Chapell & Associates

Tuesday, May 02, 2006

Online Privacy: Nowhere to Run, Nowhere to Hide

CSO Magazine - April 2006
Consumers say they want privacy online although they often behave in ways that contradict those statements. Could it be that most of the complaints come from privacy advocates and not consumers at all? Debating online privacy isn't merely a philosophical exercise. Companies collect reams of information about visitors to their websites and about their customers'
Web-surfing ways.

In a recent forum at the Wharton School at the University of Pennsylvania, the panelists - who included Ravi Aron, Wharton professor of information management, Gil Brodnitz, a partner at Accenture, Bradley Horowitz, head of Technology Development for Yahoo's Search and Marketplace group, Steve Johnson, CEO of Choicestream, Declan McCullagh, a writer for CNET, and Brooklyn Law professor Wendy Seltzer - discussed consumer concern about online privacy, data protection laws, and privacy policies.

The Chapell View
The panel under review goes a little beyond what you often see at these sorts of events - instead of merely mentioning consumer concern about privacy, or taking it for granted, the panelists seemed interested in delving in a little deeper.

Their conclusions were, best I can tell, two-fold: 1) there's little guarantee that personal information provided to or collected by online businesses won't end up in the hands of the government, and 2) a lot the so-called consumer "concern" over privacy is overblown by consumer advocacy groups and politicians.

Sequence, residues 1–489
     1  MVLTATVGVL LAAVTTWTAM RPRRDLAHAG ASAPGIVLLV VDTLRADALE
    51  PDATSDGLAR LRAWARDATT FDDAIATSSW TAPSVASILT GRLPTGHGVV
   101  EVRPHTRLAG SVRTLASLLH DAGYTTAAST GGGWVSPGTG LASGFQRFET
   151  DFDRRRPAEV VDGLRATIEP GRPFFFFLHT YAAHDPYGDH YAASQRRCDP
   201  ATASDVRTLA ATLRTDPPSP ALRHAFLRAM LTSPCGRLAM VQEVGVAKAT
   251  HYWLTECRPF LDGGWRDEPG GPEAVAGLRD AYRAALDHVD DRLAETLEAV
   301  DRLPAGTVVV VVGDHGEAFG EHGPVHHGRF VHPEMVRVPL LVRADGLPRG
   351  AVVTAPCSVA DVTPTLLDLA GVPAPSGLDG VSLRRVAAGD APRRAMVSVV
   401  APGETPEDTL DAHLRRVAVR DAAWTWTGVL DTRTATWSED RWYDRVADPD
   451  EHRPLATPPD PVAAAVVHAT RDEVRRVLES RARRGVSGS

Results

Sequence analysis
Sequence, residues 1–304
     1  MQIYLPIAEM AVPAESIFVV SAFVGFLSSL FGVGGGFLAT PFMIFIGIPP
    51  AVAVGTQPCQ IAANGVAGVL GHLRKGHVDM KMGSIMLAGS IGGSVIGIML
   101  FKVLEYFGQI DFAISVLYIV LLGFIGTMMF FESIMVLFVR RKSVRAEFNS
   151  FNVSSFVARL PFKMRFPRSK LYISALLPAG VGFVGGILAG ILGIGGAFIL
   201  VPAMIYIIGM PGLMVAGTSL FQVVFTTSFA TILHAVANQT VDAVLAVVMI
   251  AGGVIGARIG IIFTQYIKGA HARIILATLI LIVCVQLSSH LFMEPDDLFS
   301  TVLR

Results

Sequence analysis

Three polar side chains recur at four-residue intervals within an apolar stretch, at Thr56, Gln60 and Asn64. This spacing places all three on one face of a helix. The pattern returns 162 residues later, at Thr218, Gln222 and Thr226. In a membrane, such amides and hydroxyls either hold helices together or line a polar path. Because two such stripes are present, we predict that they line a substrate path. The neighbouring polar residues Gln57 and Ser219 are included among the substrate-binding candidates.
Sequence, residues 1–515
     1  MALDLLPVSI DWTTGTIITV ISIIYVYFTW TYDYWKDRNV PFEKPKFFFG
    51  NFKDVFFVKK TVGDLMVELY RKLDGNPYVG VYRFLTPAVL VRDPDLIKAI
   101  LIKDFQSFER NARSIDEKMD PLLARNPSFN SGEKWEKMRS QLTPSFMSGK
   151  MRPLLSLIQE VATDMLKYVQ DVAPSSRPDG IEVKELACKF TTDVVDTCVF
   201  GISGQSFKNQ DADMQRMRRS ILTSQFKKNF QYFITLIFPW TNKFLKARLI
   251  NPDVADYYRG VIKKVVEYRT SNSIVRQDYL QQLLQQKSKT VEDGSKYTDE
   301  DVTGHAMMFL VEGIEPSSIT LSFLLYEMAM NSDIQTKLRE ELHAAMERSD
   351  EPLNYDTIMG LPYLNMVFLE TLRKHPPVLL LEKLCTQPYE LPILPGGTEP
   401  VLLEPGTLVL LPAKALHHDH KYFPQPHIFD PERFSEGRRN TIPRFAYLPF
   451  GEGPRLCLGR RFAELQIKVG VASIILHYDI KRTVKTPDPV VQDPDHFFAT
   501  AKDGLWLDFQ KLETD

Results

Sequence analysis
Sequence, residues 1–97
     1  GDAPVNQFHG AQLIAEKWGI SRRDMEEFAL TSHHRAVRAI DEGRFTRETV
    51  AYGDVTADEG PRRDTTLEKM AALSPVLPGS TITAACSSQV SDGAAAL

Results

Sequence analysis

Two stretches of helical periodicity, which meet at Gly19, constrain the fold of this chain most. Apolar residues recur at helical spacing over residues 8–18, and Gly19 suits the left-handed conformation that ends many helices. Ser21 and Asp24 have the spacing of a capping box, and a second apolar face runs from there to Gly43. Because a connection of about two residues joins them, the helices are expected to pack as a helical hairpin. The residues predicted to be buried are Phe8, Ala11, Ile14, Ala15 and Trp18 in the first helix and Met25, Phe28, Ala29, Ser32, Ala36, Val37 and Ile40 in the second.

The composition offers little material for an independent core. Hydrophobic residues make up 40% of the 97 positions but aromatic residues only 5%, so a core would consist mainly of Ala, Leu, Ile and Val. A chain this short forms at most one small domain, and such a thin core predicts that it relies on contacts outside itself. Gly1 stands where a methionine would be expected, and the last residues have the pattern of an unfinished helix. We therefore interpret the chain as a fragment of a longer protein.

I think the panel is probably right on the first point. Notwithstanding that Google managed not to give the DOJ the keyword searches it requested (having won it's court case), as Professor Seltzer pointed out, they still did hand over a large number of URLs. Not to mention that in a separate case they were enjoined to provide the FTC with the entire contents of a Gmail account, and other search engines provided the DOJ with the requested keyword searches. "If we don't have a strong protection law, all we have is the company's word, and hype and fact don't always match," Seltzer said. "Anything that is collected in a regime of weak privacy laws is something that the government can get access to."

This is probably correct - and helps to explain why companies like Microsoft are getting behind national data protection and privacy legislation. At an event sponsored by the FTC and the BBB I attended this week, a few panelists noted that there isn't a federal requirement for websites. They echoed the Wharton speakers in arguing that this leaves the question of privacy promises between a business and a consumer in the hands of the market. Although there are good business reasons to write a solid privacy policy, it can mean that things are sometimes a little haphazard.

I'm less convinced, however, by the panel's second conclusion. McCullagh argued that it was "the privacy fundamentalists - the pro-regulation privacy groups" that were driving most of the debate about privacy, and that most consumers were perfectly happy giving up personal data if they think they're getting something in return.

Technically, consumer groups are the ones who get the press. But I do think that they sometimes do represent true consumer concern. And we can cite all we want - it doesn't mean that consumer aren't concerned, and aren't, as many studies have now shown, deleting cookies, scaling back their website purchases and increasingly downloading anti-spyware technology. Consumers are concerned because they often don't see the value that they are supposed be getting from giving up their data. Sure, when they do understand the bargain, they're much less concerned. But that's the fundamental problem: they often don't.

So until we make it clear to them what the trade-off is, their concern is going to remain quite real. Let's call a spade a spade here: if consumers don't have a reasonable expectation of privacy while they're online, then somebody (other than former SUN CEO Scott McNealy) should be telling them that. At the very least, shouldn't this be in a privacy statement?
posted by Isaac on Tuesday, May 02, 2006

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